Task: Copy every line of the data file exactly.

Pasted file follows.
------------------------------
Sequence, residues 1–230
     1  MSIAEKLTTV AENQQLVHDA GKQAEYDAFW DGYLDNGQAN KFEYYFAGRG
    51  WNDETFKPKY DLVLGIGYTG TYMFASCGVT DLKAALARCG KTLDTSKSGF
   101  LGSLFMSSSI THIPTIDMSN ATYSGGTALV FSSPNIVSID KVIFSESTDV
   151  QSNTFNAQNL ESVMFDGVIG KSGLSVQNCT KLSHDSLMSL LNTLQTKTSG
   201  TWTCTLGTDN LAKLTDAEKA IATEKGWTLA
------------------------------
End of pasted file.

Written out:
Sequence, residues 1–230
     1  MSIAEKLTTV AENQQLVHDA GKQAEYDAFW DGYLDNGQAN KFEYYFAGRG
    51  WNDETFKPKY DLVLGIGYTG TYMFASCGVT DLKAALARCG KTLDTSKSGF
   101  LGSLFMSSSI THIPTIDMSN ATYSGGTALV FSSPNIVSID KVIFSESTDV
   151  QSNTFNAQNL ESVMFDGVIG KSGLSVQNCT KLSHDSLMSL LNTLQTKTSG
   201  TWTCTLGTDN LAKLTDAEKA IATEKGWTLA